An idea for a dialogue:

Although perhaps gimmicky-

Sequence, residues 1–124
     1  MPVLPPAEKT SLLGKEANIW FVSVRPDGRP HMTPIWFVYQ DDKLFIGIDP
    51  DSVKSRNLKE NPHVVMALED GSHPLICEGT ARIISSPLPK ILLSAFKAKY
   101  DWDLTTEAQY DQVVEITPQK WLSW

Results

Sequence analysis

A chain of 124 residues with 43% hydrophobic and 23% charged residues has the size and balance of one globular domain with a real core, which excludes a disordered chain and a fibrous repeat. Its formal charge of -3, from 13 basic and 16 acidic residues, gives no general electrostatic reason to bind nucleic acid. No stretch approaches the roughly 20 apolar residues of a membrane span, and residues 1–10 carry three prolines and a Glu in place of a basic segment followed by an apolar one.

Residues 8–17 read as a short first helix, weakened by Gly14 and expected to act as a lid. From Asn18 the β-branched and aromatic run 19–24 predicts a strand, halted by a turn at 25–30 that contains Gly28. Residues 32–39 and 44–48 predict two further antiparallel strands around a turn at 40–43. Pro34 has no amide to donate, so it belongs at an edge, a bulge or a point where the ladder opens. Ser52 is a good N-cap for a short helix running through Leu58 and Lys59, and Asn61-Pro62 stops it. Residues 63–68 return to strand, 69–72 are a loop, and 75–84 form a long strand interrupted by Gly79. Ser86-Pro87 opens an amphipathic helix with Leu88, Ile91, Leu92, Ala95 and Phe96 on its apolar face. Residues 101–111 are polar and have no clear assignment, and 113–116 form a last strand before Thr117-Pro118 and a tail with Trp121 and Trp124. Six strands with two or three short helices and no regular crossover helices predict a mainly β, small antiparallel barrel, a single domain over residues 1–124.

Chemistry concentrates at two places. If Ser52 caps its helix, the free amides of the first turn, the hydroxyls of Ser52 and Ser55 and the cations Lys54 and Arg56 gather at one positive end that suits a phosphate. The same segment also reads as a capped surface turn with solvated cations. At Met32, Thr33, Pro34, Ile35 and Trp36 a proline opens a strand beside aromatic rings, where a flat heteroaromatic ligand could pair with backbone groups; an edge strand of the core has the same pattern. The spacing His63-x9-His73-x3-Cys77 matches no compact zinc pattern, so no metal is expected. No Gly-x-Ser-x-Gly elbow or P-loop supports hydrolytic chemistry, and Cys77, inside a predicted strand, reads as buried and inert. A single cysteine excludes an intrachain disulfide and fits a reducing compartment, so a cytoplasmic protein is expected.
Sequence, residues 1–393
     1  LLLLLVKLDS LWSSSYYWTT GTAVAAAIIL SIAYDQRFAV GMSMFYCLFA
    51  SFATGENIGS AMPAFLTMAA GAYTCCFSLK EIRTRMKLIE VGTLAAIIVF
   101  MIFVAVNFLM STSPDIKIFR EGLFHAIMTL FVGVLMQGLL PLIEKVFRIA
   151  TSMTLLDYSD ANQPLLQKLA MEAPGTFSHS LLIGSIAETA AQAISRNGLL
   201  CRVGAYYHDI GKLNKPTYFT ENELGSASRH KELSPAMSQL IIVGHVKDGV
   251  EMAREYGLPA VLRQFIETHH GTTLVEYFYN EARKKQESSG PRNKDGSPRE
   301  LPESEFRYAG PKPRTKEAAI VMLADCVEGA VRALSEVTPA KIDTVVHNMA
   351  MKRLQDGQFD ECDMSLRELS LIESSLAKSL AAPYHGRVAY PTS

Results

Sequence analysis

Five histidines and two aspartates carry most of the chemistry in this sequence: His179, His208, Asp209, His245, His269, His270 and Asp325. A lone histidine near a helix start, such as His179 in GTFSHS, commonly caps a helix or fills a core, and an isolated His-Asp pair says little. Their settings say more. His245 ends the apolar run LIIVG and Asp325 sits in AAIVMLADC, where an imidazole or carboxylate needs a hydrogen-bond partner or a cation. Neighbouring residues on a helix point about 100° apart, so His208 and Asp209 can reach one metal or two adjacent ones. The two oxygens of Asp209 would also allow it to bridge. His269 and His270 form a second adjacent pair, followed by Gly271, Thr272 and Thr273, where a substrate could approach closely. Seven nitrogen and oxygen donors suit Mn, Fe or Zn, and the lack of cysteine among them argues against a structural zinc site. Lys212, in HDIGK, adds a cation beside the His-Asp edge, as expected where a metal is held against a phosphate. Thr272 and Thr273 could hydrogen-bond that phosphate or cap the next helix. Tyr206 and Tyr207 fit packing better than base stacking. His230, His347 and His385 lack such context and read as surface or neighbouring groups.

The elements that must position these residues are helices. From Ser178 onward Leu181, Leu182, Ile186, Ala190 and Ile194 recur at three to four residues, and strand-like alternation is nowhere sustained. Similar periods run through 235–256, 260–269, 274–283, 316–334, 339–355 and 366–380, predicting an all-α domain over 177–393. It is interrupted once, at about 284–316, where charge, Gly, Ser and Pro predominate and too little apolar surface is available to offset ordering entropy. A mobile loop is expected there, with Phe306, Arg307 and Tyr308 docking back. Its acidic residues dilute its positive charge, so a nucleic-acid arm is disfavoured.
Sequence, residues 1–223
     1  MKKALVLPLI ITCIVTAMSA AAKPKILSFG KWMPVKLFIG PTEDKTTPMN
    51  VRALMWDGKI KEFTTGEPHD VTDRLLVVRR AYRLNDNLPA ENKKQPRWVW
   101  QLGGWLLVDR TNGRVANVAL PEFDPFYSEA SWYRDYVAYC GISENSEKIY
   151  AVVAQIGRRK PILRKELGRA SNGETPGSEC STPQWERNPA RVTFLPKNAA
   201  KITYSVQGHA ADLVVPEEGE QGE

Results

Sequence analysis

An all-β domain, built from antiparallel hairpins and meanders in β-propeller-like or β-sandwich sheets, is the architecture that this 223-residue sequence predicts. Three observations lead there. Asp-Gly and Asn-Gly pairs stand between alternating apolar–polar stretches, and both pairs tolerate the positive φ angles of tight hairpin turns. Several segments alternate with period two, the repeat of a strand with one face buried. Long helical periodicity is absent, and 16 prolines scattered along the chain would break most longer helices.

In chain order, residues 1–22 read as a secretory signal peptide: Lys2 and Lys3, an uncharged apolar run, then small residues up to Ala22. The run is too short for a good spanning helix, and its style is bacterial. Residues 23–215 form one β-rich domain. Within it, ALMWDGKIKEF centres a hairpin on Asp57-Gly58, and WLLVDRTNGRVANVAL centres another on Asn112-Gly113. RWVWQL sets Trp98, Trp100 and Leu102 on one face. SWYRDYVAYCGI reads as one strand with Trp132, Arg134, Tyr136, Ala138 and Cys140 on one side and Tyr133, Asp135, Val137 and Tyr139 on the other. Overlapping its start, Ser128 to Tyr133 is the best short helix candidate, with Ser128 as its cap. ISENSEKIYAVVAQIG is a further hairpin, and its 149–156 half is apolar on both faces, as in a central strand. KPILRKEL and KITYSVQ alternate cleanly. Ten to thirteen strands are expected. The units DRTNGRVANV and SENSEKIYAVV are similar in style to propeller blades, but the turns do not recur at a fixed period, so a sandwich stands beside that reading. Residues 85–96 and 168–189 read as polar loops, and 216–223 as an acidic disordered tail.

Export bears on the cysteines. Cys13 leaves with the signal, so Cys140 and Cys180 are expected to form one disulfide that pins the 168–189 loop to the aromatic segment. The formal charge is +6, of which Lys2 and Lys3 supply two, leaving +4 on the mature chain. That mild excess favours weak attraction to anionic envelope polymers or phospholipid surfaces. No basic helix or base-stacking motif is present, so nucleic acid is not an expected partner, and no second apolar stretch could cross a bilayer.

“What ever happened to the dialectic?” :: “I don’t understand.” “The Dialectic. It was a style of debating people in conversation. Like a form of interrogation, but without a goal. Other than to think about ideas from a different angle.” :: “Angle? I think you mean perspective.” “Exactly. It has to be new. Interesting. Not too difficult for people. The conversation, I mean- within the dialectic.” :: “I still don’t understand you. I think you might have it backwards. You just said a dialectic was a way of debating people. That means trying to engage people, on their level. An internal monologue like this one could never hope to be that open to public taste. “This isn’t an internal monologue.” :: “What would you call talking to yourself on paper, then. Meditation? Navel-gazing?” “No. I’ve been trying to get to that. I’d call it a dialectic. A debate.” :: “A conversation.” “Precisely.” :: “With yourself.” “No.” :: “Who else are you going to talk to?” “You, idiot. Who else -could- I talk to?” :: “Ok, I’m honestly confused. Explain this to me. What are you even talking about.” “To engage in a conversation with someone, you seem to assume that it requires a second person, yes? :: “Sure, fine. Yes.” “I’m not disputing that. What I -am- going to tell you is that -you- are more than two persons, which makes it perfectly acceptable to maintain a conversation with yourself. You’ve already succeeded in proving my point. Here I am, debating myself, and though I am only myself, I have -you- here too. Which, as you’ve already pointed out, must be two persons.” :: “I don’t follow you.” If this isn’t a conversation we’re having, then please tell me what a conversation is, and then we’ll have ourselves a debate. However, if a debate -is- a conversation, then by the assumption you just mentioned, we must be two persons, or we couldn’t possibly be having a conversation in the first place.” :: “But that’s just a trick. We’re still one person.” “Let me ask you a revised question, then. If I’m engaging in a debate with myself, this must mean I’m crazy. Was that the prevailing assumption here?” :: “Obviously. If you’re talking to yourself, you must be crazy.” “Would you agree that it’s crazy to write to oneself?” :: “If I’m in the middle of doing it, of course not.” “To write oneself a letter?” :: “Okay, I think I see where you’re going with this, but there’s a difference. Letters and diaries are a way of writing to your future self, like keeping a photograph. It’s a memento, that’s all. Talking to yourself is different.” “Fine, but how is it different?” :: “It’s ... Writing to yourself in the future means there’s no reciprocation. There’s no expectation of reciprocation. It’s not talking at all. Talking is always in the present, and should have some give-and-take. Otherwise you’re just talking to yourself, and no one’s listening.” :: “..but we’re always listening to ourselves, at the very least. Still, I take your point. It’s a strange loop, to borrow from Hofstaeder, when you turn to self-reference for an explanation. This is why perhaps we out to step back a moment and consider a much broader question: What, exactly, are the goals of philosophical introspection or discussion?” “Hm. I’m currently of the opinion that our goal is to understand the world - what it is. The problem is that to demonstrate understanding or help others grasp a concept requires an explanation; however, if the explanation fails to accurately characterize the concept then we need to be able to assess whether the failure stems from the explanation’s representation of the concept, or whether the concept itself is flawed and not actually reflective of the way things truly are. Hence, from philosophy we gain methods of assessing explanations and refuting them on one basis or another, such as the scientific method-” :: “Which of course relies on realism in its understanding, and classifies explanations according to their accuracy with respect to predictions.” “Precisely. Because predictions and realism appear to be mutually reinforcing. A prediction can only be likely to occur if the underlying causes and nature of an external world is well-understood.” :: “That’s the idea, yes. It only begins to face issues if the underlying naïve concept of realism come under attack, but it’s hard to imagine how predictions could demonstrate how these assumptions miss the mark. What predictions can anyone make about subjective experience?” “As it turns out, there are other difficulties, namely with regards to Bell’s Theorem in Quantum Mechanics. Nonlocality and realism are exclusive concepts, which leads to a contradiction from the method.”